What is the Perfume Project?

This blog is a constantly evolving forum for thoughts on perfume, perfume-making, plants (especially orchids and flora of the Pacific Northwest) and life in general. It started out chronicling the adventures of Olympic Orchids Perfumes, established in July 2010, and has expanded in other directions. A big part of the blog is thinking about the ongoing process of learning and experimentation that leads to new perfumes, the exploration of perfumery materials, the theory and practice of perfume making, the challenges of marketing perfumes and other fragrance products, and random observations on philosophy and society. Spam comments will be marked as such and deleted; any comments that go beyond the boundaries of civil discourse will also be deleted. I am grateful to all of you, the readers, who contribute to the blog by commenting and making this a truly interactive perfume project.

Wednesday, May 23, 2018


For several years now I have been building up a collection of Boswellia (frankincense) and Commiphora (myrrh) trees, all of which will have to be content to grow more or less as bonsai. They seem easy to grow in pots, but are leafless during the winter, and during the summer, too, if I don’t water them regularly. In the spring, after their winter dormant period, all of these trees start to leaf out, so at that time I try to give them plenty of water to facilitate the process. One day early last spring I noticed that the Boswellia neglecta had a big drop of resin exuding from a place where it had been trimmed months previously. I can only conclude that when the plants break dormancy their sap starts flowing the way maple sap does, and that it leaks out of any cut area. After producing sap, the little tree put out some nice, green, frond-like leaves, lost them during the winter, and has now grown more leaves. Through all this, the resin drop has kept hanging on.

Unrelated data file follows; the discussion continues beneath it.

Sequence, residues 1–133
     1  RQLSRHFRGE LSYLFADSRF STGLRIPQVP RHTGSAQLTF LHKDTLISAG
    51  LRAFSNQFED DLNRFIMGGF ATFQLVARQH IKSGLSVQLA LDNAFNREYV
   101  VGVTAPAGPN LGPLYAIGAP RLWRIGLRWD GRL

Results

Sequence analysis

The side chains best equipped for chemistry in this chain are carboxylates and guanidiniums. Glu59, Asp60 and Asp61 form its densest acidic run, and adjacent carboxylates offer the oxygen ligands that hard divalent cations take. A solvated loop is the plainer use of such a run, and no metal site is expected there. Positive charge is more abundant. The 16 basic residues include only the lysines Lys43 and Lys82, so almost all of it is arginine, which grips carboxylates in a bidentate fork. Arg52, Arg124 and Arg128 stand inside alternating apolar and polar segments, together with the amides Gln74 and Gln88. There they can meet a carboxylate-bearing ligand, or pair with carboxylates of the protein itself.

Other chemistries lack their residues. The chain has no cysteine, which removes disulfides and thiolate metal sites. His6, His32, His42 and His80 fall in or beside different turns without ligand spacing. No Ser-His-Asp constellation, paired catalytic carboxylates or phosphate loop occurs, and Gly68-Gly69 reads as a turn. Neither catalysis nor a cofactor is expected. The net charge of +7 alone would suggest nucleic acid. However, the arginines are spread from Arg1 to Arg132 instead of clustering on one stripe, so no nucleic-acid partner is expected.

Early this spring the little Boswellia carteri tree lost its leaves, at which time some tiny drops of resin oozed out along the leaf stems. I collected these drops and tasted them, which was the best and easiest way to evaluate them. They tasted and smelled exactly like frankincense oil. This is already way more that I had hoped for when I bought the tree as a curiosity.

I also have a 3-foot (1 meter) tall Commiphora tenuipetiolata tree that had started to branch out from the side of the trunk. One of my assistants bumped against it last fall and broke the branch partially off. A week or so later I noticed a blob of resin accumulation around the break. This tree is actually large enough to produce some significant resin, so that made me think that maybe I'll be able to harvest a little incense from my plants after all! There should at least be a few small drops that I can burn. I’m looking forward to having some frankincense, but it will be especially interesting to see what the resin of all of the different Commiphora species smells like. 

[All photos are mine]

Sunday, May 13, 2018


Earlier this week I participated in a local radio talk show, in a segment that I had expected to be mainly about perfume, but which, in the end, degenerated into a discussion of whether people should talk to their neighbors or co-workers directly about things that bother them. The original issue was whether workplaces should have official, codified no-fragrance policies, but it quickly  broadened out to the issue of why people, at least in the US Pacific Northwest, are psychologically unable to talk to anyone one-on-one.